Understanding Muzaffarnagar Riots
By Sazzad Hussain
14 September, 2013
It is a shame that communal riots still play a centre stage in the public spheres of India polarizing the society and the electorate while we take solace as Mera Bharat Mahan , boasting to be the largest democracy in the world. Ironically the secular credentials of our country still allow some political leaders to incite communal passion and hatred either by inflammatory speeches or resorting to the stereotyping of one community before the other. The uncontrolled social media in the cyberspace also fuels the situation with morphed uploading of provocative videos on You Tube which spreads like wildfires in millions of mobile phones within a second to instigate mutual animosity and acrimony. Muzaffarnagar in western UP, just 125 kms west of national capital Delhi is the latest town to be burnt in this oft-repeated communal violence that characterize present India. However religious differences are not the cause of these killings, looting and rapes that earn a very bad name of India at the international level. It is the socio-economic factor of the people that drove them to frenzy resulting in fratricides.
The communal riots in Muzaffarnagar centered on mainly between the Muslims and Jats. However, the Muslims of western UP are also ethnically Jats who got converted to Islam in early thirteenth century under the influence of Sufi saint Shaikh Faridudin Ganj Shaker and Baha Al Haq Zakiriya and had been an agrarian community like other Hindu and Sikh Jats. Muslim Jats too had similar clans like Aheer, Ahlawat, Atwal, Bal, Bhullar, Cheema, Deo, Dhaliwal, Dhillon, Dhindsa, Gill, Grewal, Gujjar, Jakhar, Khar, Khatri, Mann, Malik, Minhas, Nanda, Randhawa, Sagla, Sandhu, Sidhu, Uppal etc like their Hindu and Sikh brethrens. Jat Muslims observed all their pre-Islamic rituals until 1980s when the entire landscape was scorched by the smoke of the Ayodhya cauldron. The vacuum created by the communal polarization of the post-Babri demolition India was filled up by fundamentalist forces that want to homogenize the Indian Muslims under a common identity.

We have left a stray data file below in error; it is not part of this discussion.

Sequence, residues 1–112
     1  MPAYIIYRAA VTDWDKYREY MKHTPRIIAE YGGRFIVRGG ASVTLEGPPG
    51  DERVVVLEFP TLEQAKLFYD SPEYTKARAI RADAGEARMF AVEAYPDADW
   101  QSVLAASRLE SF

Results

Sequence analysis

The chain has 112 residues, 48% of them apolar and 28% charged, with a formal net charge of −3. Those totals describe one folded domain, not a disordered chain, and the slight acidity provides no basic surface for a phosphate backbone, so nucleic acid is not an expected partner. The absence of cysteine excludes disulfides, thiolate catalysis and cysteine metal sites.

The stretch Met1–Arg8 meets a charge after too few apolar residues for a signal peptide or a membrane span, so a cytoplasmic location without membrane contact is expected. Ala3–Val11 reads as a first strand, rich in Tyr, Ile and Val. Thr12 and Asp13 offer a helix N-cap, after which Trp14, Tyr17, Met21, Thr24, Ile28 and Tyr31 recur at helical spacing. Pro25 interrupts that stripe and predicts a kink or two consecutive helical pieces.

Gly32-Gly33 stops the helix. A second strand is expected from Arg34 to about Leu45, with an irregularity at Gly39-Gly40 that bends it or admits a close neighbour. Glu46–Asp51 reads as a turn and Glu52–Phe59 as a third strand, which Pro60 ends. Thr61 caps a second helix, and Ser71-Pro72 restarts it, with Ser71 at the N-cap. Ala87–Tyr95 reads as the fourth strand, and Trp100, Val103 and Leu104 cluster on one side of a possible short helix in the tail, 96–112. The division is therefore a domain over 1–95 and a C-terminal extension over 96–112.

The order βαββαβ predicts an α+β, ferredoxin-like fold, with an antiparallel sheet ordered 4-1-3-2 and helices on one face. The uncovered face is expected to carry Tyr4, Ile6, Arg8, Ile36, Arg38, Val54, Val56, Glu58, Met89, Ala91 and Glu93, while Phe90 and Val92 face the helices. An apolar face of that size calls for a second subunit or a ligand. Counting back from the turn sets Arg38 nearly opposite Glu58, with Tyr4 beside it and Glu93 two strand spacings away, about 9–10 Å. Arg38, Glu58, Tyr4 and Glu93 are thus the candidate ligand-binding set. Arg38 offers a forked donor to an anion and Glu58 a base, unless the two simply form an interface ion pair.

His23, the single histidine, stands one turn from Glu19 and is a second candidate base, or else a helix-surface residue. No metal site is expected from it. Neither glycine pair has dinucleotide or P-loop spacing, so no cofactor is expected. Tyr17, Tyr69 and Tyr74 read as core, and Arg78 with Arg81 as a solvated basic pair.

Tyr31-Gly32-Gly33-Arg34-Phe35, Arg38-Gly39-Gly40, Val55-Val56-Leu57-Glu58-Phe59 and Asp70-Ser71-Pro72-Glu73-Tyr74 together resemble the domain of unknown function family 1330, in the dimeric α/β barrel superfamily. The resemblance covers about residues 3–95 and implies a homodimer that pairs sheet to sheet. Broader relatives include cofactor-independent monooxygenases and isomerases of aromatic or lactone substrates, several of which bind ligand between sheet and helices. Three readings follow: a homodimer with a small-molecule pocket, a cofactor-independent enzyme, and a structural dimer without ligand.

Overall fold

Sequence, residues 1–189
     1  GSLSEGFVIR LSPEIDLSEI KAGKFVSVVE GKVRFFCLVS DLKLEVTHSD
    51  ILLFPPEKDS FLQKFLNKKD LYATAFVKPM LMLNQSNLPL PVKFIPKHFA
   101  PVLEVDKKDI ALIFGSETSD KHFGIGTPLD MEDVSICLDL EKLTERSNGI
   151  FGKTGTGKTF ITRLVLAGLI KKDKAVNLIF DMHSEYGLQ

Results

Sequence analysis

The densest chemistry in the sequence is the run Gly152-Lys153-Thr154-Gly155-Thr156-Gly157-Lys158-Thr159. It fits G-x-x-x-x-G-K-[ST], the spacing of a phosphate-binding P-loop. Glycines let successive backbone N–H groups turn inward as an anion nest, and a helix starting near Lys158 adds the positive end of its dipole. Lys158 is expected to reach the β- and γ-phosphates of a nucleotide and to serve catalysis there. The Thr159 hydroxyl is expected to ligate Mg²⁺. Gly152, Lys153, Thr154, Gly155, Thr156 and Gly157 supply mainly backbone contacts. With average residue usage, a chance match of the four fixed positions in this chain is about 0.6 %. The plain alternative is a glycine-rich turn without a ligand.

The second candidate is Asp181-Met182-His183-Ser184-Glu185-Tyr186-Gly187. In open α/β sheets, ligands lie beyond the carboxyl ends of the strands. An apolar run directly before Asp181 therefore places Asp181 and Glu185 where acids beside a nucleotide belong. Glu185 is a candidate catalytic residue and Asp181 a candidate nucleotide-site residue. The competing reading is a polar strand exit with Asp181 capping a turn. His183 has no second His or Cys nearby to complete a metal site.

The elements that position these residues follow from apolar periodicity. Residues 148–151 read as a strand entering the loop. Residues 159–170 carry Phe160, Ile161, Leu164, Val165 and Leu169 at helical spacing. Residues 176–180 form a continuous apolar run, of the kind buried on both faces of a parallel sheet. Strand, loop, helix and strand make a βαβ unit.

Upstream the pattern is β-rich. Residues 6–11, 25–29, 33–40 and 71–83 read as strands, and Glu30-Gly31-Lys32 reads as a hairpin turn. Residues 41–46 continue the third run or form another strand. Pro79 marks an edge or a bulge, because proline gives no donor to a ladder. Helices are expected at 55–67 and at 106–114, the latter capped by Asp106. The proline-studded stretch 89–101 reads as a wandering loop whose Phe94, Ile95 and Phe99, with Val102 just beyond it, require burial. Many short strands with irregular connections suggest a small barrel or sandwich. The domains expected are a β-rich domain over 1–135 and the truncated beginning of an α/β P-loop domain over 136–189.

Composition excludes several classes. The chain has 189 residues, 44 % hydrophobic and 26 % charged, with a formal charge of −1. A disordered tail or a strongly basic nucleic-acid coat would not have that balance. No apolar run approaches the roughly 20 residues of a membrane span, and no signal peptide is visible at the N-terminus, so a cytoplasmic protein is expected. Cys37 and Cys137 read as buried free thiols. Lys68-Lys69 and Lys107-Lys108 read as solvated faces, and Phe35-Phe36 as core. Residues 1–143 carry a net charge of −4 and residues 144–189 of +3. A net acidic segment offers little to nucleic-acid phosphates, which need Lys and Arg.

The post-Babri scenario also made all the Muslims of UP, Ashrafs, Ajlafs, Dalits to rally behind the OBC-Dalit-Minority combo pack of Kanshi Ram and Mulayam Singh Yadav, shunning their traditional mentor the Congress. But the Jat Muslims of Muzaffarnagar, Bhagpat and Shamli districts western UP, like their Hindu brethren, remained firmly behind Rashtrya Lok Dal of Ajit Singh. They have been living as neighbours together in peace for decades until late August this year when ugly communal frenzy make them apart.
In late August a Muslim boy living about 15 kilometres from Muzaffarnagar, was allegedly beaten to death by Jat teenagers for reportedly stalking their sister. The cousins in turn were lynched in retaliation. This tit-for-tat would have remained confined if the administration had taken immediate measures, but not only it did not take any action, it actually allowed the situation to get out of hand.